The importance of good mental health has escaped nobody these past few years. Director of comms Kate Reynolds explains how she approaches looking after herself and her team.
When the going gets tough, how are you managing the mental health of your comms team?
Heart racing, adrenaline pumping, sweaty palms…an entirely normal, evolutionary and human response to extreme stress. But what happens when extreme stress becomes your day-to-day reality as you deal with multiple crises?
Many communications practitioners love the buzz of a good crisis – and I would absolutely place myself in that camp. When a crisis hits, it’s an opportunity to step up, use your skills and build unbreakable bonds with your team. But when there is a long spell of extreme stress, it begins to have a frazzling effect. Believe me, I’ve been there.
So what can you do when you’re feeling like Cruella DeVil in the meme above and how can you help your teams?
Be cognisant of your own mental health
As a leader, you have a long shadow. If you’re in a good place with your mental health, feeling balanced and calm, you’ll be in a much better place to support others so workout what you need to feel that way. I know I need a good night’s sleep and regular exercise, but it might be something else for you. Be a keen observer of your own state of mind, and you’ll be in a better position to support others.
Create a culture of openness around mental health
Thankfully any stigma around mental health is starting to dissipate, but we’re still not where we should be. As leaders of teams, the more we speak about mental health – both generally and specifically our own – the more we create a healthy, open culture. I’m open with my team about my mental health, I feel closer to them as a result, and they feel they can trust me if they are having a hard time too.
Notice when you’re feeling those adrenaline/cortisol spikes
Get good at spotting when you are having a spike of stress hormones in response to something. It’ll mean you’re able to take positive action like deep breathing or going for a walk to help clear your head.
Notice when others are having a spike too
The more you notice those spikes in your own physiology, the more you’ll be able to notice them in others. If someone comes to me with an issue, and they’re speaking fast or are a bit breathless, I know they’re experiencing a spike. I try to slow my own breathing and speech to bring the pace of the conversation down and help them relax. I aim to move into coaching mode, making the person feel supported while helping them think openly about solutions. I wouldn’t claim to get it right 100% of the time, but the more I practice, the easier it becomes.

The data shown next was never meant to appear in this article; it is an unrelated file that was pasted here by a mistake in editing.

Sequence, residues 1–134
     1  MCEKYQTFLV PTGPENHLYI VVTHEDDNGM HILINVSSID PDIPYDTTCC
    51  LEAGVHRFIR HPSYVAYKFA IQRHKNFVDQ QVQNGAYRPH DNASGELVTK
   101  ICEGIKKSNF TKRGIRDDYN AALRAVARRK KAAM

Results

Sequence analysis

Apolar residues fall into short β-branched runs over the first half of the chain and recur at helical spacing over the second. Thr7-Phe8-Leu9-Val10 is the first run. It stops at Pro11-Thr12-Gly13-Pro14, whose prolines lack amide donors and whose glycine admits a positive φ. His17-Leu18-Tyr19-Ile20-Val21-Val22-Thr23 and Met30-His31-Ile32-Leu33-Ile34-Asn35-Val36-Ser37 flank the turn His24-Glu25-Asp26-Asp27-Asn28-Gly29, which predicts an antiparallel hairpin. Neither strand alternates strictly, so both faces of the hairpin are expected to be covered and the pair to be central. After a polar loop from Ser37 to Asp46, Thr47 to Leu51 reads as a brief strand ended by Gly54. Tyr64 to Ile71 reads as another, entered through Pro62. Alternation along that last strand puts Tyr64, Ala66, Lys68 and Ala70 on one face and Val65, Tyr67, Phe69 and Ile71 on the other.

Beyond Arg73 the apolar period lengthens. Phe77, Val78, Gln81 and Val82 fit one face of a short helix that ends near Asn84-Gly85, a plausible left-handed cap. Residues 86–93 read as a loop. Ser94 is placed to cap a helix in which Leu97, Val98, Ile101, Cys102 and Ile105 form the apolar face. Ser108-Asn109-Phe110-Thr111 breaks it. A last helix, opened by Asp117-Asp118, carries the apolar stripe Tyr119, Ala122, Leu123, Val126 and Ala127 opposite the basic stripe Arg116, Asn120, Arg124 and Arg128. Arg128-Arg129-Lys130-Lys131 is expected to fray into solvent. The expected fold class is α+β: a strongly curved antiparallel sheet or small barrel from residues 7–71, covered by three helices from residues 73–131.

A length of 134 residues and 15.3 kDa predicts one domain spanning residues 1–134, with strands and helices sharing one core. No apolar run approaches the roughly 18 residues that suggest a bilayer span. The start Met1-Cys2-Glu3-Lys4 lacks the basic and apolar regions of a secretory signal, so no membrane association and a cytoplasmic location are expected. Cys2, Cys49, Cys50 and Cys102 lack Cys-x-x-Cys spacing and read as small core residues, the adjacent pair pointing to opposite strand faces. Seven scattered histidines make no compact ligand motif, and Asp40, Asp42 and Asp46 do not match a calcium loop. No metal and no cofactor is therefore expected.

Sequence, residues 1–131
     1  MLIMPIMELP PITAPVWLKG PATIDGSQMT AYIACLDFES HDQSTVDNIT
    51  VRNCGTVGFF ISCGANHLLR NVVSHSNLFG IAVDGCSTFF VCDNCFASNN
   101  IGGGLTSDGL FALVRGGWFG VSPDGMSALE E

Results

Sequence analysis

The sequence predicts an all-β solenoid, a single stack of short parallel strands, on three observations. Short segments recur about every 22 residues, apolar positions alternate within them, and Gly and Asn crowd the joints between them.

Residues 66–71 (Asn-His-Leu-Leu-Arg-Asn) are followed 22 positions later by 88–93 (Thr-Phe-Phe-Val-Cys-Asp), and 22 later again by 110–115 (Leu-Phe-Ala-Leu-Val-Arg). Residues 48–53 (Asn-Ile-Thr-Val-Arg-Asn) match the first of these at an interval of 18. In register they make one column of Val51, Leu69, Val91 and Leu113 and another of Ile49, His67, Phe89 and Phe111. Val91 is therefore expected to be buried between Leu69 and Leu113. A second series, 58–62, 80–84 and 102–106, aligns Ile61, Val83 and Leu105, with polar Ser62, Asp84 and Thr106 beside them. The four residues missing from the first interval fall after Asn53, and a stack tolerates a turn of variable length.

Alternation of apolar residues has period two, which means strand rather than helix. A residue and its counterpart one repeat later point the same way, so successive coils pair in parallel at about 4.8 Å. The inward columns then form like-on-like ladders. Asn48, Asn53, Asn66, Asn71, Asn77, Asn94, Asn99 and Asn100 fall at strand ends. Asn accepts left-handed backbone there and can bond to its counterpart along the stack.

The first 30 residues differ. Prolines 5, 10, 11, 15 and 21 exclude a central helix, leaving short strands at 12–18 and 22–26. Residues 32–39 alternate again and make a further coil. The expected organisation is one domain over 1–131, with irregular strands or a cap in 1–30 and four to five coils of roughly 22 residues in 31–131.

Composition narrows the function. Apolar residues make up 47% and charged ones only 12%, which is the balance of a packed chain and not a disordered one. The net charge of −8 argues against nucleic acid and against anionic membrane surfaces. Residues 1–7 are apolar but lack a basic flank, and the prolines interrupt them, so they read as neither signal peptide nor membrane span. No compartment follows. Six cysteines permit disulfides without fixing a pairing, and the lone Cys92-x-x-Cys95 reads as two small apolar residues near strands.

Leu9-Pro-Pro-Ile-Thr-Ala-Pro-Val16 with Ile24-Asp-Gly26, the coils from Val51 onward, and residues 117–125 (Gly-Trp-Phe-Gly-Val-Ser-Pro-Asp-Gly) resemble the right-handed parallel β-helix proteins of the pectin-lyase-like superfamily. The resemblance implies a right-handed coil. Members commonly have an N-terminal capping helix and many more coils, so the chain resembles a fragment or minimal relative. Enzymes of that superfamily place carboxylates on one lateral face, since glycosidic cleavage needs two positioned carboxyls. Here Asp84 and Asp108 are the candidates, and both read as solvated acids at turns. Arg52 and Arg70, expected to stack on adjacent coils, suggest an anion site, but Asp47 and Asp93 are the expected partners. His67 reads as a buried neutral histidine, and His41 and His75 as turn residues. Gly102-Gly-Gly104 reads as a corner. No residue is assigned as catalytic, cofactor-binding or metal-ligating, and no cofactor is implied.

Get your structures right
It would be disingenuous to talk about the mental health of comms teams during crises without talking about the volume and nature of the work. Sometimes the volume of enquiries can feel like a flood and we can be exposed to awful, and quite frankly harrowing, situations. We often see the worst of things, but are also privileged to see the very best. Over my 20 year career, I’ve seen the media speed up and pressure on journalists increase dramatically which has led to greater demand on comms teams. There’s no perfect answer to this but ultimately your team’s health has to be your number one priority. As a leader, you need to continually be managing the expectations on your team, ensuring they are and feel valued and that you’ve got the right resource in place. A crisis reveals how well-functioning your structures, systems and processes are – or not. You know the saying ‘it’s a marathon not a sprint’? Sometimes, in a crisis, it can feel like a marathon run at sprint pace. But you need to resource up so it becomes more like a 4 x 400m relay race, and people have a chance to switch off, recharge so they can come back refreshed to run their leg.
Encourage healthy boundaries
The next thing you can do is encourage and role model healthy boundaries. As far as possible, I try to work my hours without going wildly over. I don’t want my team seeing that to be in a senior role you have to regularly do 60-hour weeks, which is just not sustainable. Evidently in a crisis, you won’t be neatly clocking in at 9 and out at 5, but you need to draw boundaries that allow people to switch off. In a crisis that might mean creating an A team and a B team working in shifts so everyone gets some rest.
In a crisis it’s easy to forget to celebrate successes, but that’s exactly when you need to. Recognise and reward the good stuff, and move on from the things that haven’t gone as well – there’ll be plenty of time for analysis after the fact. Remind your team that they can handle anything that comes their way because of the resilience they’ve already built up.
Managing crisis communications is a tough gig but it’s also when you get the opportunity to really test your mettle, and it is entirely possible to come out of a crisis with enhanced skills and knowledge, and as a stronger, more resilient team.
If you want to read more on this subject, I highly recommend Chapter 7 of Crisis Communications Strategies by the brilliant Amanda Coleman.
Kate Reynolds is Director of Communications at Sanctuary, a housing and care provider.